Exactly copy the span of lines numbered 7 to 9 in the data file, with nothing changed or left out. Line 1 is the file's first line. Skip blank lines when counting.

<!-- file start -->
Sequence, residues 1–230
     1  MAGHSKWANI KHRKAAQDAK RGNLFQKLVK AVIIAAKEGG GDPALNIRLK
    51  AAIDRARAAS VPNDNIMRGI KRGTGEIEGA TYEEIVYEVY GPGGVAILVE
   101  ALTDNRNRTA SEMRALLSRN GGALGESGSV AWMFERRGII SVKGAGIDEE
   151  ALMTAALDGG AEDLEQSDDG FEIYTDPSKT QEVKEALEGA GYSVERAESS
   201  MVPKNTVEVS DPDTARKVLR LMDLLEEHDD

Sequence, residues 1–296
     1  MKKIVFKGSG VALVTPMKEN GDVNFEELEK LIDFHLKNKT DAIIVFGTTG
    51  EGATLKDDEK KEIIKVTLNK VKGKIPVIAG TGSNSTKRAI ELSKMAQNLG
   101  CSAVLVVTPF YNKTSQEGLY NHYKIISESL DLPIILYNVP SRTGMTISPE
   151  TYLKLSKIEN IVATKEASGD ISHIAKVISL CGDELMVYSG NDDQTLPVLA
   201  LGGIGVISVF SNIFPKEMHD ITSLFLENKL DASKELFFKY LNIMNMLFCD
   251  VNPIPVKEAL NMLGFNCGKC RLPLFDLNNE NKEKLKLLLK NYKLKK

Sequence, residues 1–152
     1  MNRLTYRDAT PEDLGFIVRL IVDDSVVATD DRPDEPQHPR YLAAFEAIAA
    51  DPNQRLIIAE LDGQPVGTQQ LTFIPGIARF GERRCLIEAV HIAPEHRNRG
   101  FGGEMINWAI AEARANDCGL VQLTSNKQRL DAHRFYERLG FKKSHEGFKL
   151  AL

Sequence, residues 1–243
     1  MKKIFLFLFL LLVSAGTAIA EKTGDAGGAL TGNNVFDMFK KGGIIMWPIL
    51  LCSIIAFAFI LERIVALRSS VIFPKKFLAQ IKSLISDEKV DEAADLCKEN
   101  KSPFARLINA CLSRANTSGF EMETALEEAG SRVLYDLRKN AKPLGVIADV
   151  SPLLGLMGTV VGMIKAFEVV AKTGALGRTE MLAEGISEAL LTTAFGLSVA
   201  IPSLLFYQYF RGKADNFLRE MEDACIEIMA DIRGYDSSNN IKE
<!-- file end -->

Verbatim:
Sequence, residues 1–296
     1  MKKIVFKGSG VALVTPMKEN GDVNFEELEK LIDFHLKNKT DAIIVFGTTG
    51  EGATLKDDEK KEIIKVTLNK VKGKIPVIAG TGSNSTKRAI ELSKMAQNLG